Price believes in Walt Disney’s policy of reinvestment

Price believes in Walt’s policy of reinvestment


Walt Disney knew how to create the magic, but Harrison “Buzz” Price knew where
to put it.

Price, a well-renowned theme-park strategist who got his start with the famous
visionary, was the key man behind site selection and feasibility planning for
The Walt Disney Co. — including its theme-park complexes in the Orlando area
and in California. He founded international consulting firm Economics Research
Associates and, working hand-in-hand with Walt Disney, Price gave his input.
And Walt listened.

But with the recent news of takeover bids and fighting board members, what
would Walt Disney say now?

“Well, he used to say a lot of things,” Price said. “But, right now, he would
say: ‘Our purpose is to entertain, not educate,’ and he would say: ‘Keep the
people coming.’ ”

Price now bristles at the possibility that, with Disney in play as a possible
takeover target, a buyer would keep Disney’s moviemaking and broadcasting
businesses that include ABC and ESPN and sell off its theme parks.

Among Disney’s holdings are four Orlando-area theme parks employing 55,000
people and Disney Cruise Line, which operates two ships from Port Canaveral and
employs about 3,000 people.

In recent months, Roy E. Disney — Walt’s nephew — and Stanley Gold left the
Disney board, and Michael Eisner, the company’s chairman and chief executive
officer, is under fire. Cable-television giant Comcast Corp. is waiting in the
wings to possibly acquire Disney, mainly because of its interest in the media
content. Disney’s board rejected Comcast’s initial offer as being too small.

In response to speculation Comcast might add to its $54 billion offer to Disney
shareholders, then turn around and divest the theme parks, Price expressed

“I have a hard time with the thought that a new company could sell off the
theme parks,” Price said. “I do know that the parks are a thing intact. The
Orlando attraction complex is the best thing around. Whoever messes around with
it can’t screw it up. It’s to be hoped that whoever does it will maintain it
and will revert to — and enhance — the great spirit of the creators, Roy and
Walt.” He was referring to Roy O. Disney, who was Walt’s older brother and Roy
E. Disney’s father.

Theme parks require a good amount of capital but are a good source of cash
flow, experts said.

Reinvestment into the parks is critical to keep the theme parks fresh and
compelling to customers, Price said.

That is a concept that is not unfamiliar to the theme-park strategist.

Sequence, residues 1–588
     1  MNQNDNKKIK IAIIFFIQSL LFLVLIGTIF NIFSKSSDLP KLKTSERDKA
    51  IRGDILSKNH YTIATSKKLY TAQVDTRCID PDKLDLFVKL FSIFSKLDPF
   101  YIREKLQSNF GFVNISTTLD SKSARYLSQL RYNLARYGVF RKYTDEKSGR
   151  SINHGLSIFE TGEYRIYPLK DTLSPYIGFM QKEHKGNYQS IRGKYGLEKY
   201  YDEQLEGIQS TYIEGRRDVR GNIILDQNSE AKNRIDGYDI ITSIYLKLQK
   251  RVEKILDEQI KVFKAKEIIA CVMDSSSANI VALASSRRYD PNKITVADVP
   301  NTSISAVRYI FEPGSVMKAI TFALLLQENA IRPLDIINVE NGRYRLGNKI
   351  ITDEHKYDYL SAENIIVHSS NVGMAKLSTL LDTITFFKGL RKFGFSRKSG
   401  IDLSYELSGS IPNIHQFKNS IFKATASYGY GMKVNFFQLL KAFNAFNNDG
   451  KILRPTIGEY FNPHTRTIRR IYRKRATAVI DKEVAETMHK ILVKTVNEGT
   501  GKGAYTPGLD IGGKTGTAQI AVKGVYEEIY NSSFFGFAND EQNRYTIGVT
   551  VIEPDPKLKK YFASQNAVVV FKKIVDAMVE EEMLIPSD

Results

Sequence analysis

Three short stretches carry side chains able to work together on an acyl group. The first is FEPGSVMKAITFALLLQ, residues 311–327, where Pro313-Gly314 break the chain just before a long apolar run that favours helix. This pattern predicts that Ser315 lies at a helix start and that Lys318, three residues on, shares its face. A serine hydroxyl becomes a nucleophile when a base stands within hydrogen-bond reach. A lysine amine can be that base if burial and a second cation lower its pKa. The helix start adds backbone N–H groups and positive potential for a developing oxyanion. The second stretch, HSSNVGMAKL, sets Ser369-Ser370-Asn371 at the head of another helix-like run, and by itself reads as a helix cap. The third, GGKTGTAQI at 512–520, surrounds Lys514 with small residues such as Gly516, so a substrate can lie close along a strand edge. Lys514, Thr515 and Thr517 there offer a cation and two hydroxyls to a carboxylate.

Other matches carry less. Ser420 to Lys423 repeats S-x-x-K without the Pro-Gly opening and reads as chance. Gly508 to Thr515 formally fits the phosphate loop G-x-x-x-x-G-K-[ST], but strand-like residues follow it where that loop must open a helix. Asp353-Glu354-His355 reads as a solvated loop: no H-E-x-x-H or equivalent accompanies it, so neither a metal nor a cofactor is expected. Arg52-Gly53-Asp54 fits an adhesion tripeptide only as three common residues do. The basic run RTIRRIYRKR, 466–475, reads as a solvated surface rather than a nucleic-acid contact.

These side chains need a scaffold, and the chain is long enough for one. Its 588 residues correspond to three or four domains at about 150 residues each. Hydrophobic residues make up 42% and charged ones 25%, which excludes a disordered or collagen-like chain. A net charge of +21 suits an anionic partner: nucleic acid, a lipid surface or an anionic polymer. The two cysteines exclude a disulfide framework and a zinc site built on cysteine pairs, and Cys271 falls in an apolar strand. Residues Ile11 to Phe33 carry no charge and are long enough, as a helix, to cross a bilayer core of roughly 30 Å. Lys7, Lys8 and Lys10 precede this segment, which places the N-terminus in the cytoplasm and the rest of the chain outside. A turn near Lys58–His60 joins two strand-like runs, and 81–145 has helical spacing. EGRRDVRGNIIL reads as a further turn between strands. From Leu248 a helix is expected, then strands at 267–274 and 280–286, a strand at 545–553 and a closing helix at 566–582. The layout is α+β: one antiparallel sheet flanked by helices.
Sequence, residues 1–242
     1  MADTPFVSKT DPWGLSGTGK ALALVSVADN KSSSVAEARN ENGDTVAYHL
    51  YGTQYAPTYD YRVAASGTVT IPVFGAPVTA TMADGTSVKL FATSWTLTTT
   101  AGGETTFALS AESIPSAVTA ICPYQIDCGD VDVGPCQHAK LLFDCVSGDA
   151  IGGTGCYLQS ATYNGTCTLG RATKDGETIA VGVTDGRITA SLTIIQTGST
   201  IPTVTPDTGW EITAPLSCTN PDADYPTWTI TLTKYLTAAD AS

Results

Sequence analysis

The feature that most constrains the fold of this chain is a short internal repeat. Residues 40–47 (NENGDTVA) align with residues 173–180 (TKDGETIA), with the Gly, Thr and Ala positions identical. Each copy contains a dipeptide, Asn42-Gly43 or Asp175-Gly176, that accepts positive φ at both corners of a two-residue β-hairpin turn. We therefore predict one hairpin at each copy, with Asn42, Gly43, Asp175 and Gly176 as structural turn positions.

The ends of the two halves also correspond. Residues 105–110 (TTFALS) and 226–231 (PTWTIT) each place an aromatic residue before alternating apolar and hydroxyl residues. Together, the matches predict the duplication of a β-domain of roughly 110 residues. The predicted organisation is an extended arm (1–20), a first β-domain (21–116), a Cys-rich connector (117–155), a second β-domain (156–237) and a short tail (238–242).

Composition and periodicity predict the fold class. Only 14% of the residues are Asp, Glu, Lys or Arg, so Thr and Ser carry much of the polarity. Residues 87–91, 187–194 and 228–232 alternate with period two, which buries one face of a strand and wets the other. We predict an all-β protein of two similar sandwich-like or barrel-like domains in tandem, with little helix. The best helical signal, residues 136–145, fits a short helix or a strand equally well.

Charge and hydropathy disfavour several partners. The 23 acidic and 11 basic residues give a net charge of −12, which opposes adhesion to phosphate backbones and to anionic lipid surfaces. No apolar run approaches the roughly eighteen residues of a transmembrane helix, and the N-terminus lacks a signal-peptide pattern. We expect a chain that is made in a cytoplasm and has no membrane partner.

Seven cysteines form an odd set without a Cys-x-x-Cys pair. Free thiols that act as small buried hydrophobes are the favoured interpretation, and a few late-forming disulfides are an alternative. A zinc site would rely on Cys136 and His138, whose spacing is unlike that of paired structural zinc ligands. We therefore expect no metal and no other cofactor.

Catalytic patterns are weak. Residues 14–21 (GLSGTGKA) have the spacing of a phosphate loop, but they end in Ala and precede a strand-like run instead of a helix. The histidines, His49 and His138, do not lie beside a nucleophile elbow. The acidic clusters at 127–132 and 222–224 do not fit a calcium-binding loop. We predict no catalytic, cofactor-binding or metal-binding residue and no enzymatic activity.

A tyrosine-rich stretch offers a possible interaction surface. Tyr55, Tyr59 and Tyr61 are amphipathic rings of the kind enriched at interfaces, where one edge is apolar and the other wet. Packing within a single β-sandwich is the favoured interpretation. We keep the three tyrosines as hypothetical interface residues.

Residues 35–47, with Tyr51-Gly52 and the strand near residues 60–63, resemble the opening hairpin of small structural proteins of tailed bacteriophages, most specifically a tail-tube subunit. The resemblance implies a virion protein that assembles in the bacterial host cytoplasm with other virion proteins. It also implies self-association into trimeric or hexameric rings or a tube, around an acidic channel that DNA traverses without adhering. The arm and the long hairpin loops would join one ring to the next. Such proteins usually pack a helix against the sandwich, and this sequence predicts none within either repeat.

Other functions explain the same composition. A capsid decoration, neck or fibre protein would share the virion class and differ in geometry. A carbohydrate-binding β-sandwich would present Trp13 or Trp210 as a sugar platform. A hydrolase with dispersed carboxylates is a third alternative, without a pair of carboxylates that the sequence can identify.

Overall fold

“Walt invented the prevailing philosophy of massive reinvestment,” Price said.
“On average, the parks reinvest half of their operating profit. That’s the way
to keep the people coming. Walt invented that concept, and it’s still prevalent
today. He did it because he used to say: ‘I dread the day when nobody shows
up.’ ”

Price said he feels it is important to look at the history — and longevity —
of another well-known group of theme parks to understand the situation with the
Disney parks.

“The best role model you can look at on the continuity of reality is the Six
Flags corporation,” he said. “I’ve watched it for four decades, from the time
it was bought by the Penn Central Railroad to Bally’s to Time Warner to Premier
Parks. I say, ‘Onward and upward.’ Overall, the parks have always marched along
to a nice positive drumbeat.”

Price said his life in amusement-business strategic planning has been nothing
short of remarkable.

“After all, I did Walt’s strategic planning, and founded Economics Research
Associates, and we do all kinds of work for people in the attraction business,”
he said.

“Walt had the idea for a great park and wanted to know where to put it,” Price
recalled. “He had a design, and had an idea how many people would come to
Anaheim and then, after that, he worked like crazy. Walt hired me in 1953 to do
the site location for Disneyland, and it was constructed in 1955. Then Walt
said to me one day, ‘Where do we go back East?’ And we found Orlando.”

Despite all the planning and the estimating and the impact reports done ahead
of time on Walt Disney World, Price said there were a lot of variables that got
by the both of them.

“We did a dozen and a half studies on the park back East,” he said. “How big a
deal it was gong to be. Well, guess what? We underestimated.”

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